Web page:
Copays and medications aren’t the only things you can pay for with an FSA. As you estimate your health care costs for the upcoming year, keep in mind these products and services you can purchase with a flexible spending account:
- Lip balm
- Lactation costs
- Some fertility services
- Pregnancy tests
- Birth control
- Chiropractor visits
- Menstrual cramp relief medication, including over-the-counter products
- Tampons, pads, liners, and other menstrual products
- STI test kits
- First aid kits and products
- Transportation to medical appointments
See a full list of eligible expenses according to the IRS.
FSA vs. HSA
An HSA serves a similar purpose to an FSA, but differs in a few major ways:
- Who Can Establish a Plan: Anyone insured under a high-deductible health insurance plan can set up an HSA. You don’t have to rely on an employer.
- Balance Rollover: Anything you contribute to an HSA remains in the account without a time limit, which means funds left over at the end of a year roll over into the following year. No balance limit exists.
- Withdrawal: Like an FSA, you can use HSA funds to cover qualifying medical expenses without paying any taxes or penalties. With an HSA, you can also withdraw funds early if you need them, but you’ll pay taxes on it as income plus a 10% penalty fee.
- Investment: Funds in an HSA can be invested in the market, similar to a retirement or college savings account.
- Annual Contribution: Maximum annual contribution amounts for an HSA in 2020 are $3,550 for individuals and $7,100 for couples filing jointly. Anyone over age 55 can contribute an additional $1,000 per year.
In most cases, you can’t enroll in both an HSA and FSA. However, some exceptions exist, as long as having both accounts doesn’t let you double dip. For example, if one plan only covers vision and dental, you could enroll in another to cover medical care.
If your employer offers both plans, the plan administrator should explain the rules governing the accounts to you.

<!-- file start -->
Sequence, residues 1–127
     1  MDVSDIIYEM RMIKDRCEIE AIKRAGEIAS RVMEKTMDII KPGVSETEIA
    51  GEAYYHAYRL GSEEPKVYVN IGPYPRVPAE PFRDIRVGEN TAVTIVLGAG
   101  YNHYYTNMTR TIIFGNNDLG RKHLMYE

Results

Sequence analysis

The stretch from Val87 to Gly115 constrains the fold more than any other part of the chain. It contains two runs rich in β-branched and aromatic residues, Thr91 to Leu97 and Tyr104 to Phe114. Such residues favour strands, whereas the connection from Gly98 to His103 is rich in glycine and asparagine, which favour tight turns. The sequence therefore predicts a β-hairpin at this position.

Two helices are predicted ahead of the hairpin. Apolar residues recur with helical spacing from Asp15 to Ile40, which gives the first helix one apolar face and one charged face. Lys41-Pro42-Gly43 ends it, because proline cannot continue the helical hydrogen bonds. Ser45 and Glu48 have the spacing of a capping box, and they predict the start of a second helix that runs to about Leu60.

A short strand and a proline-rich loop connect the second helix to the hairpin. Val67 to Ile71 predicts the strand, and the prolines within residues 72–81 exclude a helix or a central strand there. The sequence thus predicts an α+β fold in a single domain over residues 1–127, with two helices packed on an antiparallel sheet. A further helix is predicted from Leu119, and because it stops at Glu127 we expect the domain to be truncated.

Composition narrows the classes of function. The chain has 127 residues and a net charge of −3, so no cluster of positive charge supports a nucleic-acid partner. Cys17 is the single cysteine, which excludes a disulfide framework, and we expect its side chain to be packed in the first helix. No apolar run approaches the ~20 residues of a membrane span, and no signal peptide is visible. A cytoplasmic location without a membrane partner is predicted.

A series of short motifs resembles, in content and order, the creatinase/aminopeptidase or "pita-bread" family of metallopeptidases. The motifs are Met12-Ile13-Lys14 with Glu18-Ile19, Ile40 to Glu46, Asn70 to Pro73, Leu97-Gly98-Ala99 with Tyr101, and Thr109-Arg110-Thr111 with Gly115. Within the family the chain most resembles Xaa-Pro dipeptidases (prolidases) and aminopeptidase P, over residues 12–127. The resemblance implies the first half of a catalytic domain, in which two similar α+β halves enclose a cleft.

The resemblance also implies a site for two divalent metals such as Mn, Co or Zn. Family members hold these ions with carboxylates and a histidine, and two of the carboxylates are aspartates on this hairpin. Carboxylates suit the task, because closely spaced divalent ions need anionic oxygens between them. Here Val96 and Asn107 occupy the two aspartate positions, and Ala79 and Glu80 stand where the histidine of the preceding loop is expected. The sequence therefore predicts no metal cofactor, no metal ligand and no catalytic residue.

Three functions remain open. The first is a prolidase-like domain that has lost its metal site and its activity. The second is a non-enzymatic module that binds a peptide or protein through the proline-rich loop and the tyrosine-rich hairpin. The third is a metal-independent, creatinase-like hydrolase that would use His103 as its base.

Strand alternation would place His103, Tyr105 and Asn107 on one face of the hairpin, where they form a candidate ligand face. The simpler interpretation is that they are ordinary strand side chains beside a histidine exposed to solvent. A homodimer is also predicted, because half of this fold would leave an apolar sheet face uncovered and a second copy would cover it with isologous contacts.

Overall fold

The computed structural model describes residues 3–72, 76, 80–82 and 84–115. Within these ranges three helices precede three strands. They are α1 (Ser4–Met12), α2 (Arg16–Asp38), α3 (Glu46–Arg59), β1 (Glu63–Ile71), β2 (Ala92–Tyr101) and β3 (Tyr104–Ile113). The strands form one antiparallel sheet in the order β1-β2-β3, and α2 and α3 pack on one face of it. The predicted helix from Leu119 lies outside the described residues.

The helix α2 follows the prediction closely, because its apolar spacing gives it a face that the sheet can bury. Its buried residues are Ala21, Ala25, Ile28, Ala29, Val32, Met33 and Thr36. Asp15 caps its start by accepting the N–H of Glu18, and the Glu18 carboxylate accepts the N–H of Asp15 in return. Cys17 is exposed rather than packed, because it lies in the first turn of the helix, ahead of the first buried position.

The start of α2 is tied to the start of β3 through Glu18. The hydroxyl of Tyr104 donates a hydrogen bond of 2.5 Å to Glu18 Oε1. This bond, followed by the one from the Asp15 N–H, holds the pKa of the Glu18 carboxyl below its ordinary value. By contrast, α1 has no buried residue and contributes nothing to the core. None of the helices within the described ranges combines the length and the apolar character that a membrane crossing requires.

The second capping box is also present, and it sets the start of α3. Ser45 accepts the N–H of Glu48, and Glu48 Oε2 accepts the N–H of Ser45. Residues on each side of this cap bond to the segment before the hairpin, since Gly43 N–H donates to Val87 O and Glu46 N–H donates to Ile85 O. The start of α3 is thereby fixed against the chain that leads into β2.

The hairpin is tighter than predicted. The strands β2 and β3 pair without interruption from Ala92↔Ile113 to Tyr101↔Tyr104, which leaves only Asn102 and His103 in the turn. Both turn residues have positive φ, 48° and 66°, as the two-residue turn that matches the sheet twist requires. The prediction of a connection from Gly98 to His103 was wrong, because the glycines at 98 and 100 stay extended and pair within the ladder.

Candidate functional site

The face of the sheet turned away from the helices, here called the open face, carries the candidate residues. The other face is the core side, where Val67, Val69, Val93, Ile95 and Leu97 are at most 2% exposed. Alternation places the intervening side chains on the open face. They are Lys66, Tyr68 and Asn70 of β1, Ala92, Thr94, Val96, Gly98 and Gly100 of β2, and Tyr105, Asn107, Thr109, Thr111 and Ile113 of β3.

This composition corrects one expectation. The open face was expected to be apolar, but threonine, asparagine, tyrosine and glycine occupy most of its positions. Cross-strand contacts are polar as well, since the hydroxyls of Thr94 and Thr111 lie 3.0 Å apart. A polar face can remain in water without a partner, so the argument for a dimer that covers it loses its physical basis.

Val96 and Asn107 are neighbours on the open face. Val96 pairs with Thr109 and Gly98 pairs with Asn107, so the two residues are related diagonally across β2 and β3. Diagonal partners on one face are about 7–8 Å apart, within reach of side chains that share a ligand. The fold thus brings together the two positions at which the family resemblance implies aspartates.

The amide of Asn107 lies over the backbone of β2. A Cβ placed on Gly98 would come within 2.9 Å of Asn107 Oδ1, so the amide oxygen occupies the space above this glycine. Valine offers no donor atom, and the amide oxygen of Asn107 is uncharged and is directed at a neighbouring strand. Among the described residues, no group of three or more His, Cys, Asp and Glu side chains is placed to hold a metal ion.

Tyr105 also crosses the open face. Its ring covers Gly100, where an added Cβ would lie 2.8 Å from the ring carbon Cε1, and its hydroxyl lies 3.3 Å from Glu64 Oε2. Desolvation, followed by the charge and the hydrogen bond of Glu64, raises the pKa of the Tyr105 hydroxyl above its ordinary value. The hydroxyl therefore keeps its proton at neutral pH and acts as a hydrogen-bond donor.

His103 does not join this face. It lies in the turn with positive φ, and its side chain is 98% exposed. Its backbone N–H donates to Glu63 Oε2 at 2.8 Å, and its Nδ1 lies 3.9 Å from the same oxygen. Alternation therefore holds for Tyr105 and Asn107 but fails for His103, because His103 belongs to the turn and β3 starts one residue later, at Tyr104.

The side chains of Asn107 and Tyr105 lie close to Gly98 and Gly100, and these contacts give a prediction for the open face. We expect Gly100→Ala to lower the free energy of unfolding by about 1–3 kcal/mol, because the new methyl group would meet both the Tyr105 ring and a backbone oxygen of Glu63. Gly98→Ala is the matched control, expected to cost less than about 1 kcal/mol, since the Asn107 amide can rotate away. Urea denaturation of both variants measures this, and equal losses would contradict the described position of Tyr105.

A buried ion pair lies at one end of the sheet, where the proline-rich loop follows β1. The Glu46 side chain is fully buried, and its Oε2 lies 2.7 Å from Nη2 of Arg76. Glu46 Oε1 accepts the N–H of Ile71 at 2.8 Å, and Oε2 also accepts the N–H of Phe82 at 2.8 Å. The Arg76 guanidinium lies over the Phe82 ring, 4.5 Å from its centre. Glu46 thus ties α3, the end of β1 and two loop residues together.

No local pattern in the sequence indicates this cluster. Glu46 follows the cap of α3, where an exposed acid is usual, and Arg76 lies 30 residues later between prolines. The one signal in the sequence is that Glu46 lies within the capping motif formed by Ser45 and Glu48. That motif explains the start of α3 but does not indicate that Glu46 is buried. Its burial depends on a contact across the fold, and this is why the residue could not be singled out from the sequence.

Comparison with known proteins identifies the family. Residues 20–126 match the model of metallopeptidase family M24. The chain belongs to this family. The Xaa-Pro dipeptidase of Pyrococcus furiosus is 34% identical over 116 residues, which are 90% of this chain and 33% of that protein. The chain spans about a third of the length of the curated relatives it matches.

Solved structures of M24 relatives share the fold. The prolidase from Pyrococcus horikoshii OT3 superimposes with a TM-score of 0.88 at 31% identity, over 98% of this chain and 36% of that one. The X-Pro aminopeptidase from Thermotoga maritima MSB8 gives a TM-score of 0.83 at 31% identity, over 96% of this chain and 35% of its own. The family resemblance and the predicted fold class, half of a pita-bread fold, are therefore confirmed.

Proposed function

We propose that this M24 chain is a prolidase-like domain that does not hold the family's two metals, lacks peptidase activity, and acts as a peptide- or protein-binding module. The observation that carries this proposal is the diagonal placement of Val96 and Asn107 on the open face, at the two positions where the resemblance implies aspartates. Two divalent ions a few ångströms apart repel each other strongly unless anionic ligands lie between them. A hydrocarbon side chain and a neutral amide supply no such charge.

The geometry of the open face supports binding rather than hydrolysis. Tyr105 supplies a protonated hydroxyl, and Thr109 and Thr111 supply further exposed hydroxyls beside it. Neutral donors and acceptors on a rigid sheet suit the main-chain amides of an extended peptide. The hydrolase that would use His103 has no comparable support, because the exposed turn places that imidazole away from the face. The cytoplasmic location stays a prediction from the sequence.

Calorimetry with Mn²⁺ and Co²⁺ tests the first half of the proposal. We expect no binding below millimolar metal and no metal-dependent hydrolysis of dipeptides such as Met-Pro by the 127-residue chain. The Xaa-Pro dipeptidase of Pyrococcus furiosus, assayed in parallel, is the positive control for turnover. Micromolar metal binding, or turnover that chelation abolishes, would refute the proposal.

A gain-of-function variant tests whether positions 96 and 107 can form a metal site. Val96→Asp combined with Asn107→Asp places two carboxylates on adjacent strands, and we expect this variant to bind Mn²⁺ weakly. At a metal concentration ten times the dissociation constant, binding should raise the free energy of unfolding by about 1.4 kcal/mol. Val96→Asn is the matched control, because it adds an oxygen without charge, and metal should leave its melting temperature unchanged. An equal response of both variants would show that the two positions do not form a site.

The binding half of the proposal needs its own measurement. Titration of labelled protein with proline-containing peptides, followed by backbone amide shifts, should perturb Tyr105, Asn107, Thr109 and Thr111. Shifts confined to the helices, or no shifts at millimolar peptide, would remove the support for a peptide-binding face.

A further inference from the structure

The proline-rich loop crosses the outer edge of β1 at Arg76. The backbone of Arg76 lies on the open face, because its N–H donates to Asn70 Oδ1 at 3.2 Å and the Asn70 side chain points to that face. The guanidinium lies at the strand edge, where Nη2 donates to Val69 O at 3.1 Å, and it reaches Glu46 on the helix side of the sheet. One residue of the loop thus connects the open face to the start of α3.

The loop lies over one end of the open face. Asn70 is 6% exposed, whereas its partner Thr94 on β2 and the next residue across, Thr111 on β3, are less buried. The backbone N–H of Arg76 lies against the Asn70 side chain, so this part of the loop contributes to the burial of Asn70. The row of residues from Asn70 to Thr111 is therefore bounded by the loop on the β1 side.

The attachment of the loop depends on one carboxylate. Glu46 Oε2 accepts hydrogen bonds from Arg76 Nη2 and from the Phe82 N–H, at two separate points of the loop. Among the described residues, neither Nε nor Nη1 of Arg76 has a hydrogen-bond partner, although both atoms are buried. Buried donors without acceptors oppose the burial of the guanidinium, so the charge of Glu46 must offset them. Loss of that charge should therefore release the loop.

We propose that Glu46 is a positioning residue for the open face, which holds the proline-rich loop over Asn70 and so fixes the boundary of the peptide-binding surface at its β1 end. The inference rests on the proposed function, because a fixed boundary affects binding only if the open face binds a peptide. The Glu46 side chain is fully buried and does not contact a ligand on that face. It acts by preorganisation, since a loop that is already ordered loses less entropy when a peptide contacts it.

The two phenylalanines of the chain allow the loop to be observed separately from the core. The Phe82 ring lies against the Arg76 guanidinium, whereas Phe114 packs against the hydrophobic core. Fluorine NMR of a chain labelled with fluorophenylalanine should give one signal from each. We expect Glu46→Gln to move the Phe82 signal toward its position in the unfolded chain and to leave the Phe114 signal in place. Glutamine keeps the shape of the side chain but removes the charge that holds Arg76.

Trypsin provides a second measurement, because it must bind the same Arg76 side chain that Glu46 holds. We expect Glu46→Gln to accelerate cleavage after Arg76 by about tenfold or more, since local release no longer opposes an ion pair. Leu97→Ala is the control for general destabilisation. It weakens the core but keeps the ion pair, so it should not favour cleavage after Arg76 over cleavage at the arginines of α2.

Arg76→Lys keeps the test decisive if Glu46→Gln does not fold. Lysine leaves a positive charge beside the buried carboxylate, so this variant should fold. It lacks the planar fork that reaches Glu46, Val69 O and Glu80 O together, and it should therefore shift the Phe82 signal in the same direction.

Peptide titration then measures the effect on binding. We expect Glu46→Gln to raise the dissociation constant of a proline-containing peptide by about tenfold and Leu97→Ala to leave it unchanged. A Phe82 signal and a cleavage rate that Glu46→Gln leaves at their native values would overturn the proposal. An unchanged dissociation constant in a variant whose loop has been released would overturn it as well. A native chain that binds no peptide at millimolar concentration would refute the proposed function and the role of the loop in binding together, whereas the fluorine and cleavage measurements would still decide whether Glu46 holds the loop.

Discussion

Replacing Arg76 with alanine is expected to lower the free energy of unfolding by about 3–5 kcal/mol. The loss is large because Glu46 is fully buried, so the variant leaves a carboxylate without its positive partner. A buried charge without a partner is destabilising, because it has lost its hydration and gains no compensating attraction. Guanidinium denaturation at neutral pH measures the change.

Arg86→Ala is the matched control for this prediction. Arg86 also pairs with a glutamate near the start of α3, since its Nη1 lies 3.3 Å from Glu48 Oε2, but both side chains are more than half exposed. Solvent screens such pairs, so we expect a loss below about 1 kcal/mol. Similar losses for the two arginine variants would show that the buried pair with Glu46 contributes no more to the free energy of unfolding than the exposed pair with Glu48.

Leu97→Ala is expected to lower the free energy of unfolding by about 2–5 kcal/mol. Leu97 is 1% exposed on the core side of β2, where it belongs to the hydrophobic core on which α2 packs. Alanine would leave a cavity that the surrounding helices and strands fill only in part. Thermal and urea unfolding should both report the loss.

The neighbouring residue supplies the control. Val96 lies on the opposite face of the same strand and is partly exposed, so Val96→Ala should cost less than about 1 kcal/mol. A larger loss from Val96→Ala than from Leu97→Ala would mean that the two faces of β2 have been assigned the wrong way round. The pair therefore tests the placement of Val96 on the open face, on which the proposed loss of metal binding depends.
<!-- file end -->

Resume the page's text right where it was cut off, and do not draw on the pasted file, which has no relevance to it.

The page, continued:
You might prefer to open an HSA if:
- You Have No FSA Available. If your employer doesn’t offer an FSA, you may benefit from opening an HSA to build a stockpile of tax-free funds to cover future medical care.
- You Have Unpredictable Health Care Costs. An FSA is challenging if you can’t closely project the coming year’s expenses. An HSA lets you keep and use funds in the account anytime.
- You Plan to Change Jobs. You forfeit unused money in your FSA to your employer if you change or lose your job. HSA funds are portable and remain yours regardless of your employment status.
You might prefer to open an FSA if:
- You’re Older Than 65. After that age, you can’t use an HSA to cover health insurance premiums, but you can still use an FSA.
- You Don’t Have Health Insurance. You have to be covered under a high-deductible plan to open an HSA, but you can participate in an FSA without any insurance coverage.
Health care costs continue to rise in the United States, and any steps you can take to reduce the amount of money you put toward health care are usually worthwhile.
Tax-advantaged flexible spending accounts and health savings accounts let you use pretax dollars to pay for out-of-pocket medical, vision, dental, and in some cases dependent care costs. Funneling your health care funds through these accounts reduces the amount of money that comes out of your pocket.
When employers offer an FSA, they typically include a fixed upfront deposit, so you could get free money to help with health care or dependent care costs. You’ll benefit from contributing to an FSA from your paycheck if you can closely project a given year’s costs — if not, you might forfeit the funds.
If you have the option to open an HSA or FSA, consider your family’s circumstances and your expected health care costs to determine which is the best fit for you.
Do you contribute to an FSA? What has been your experience using it?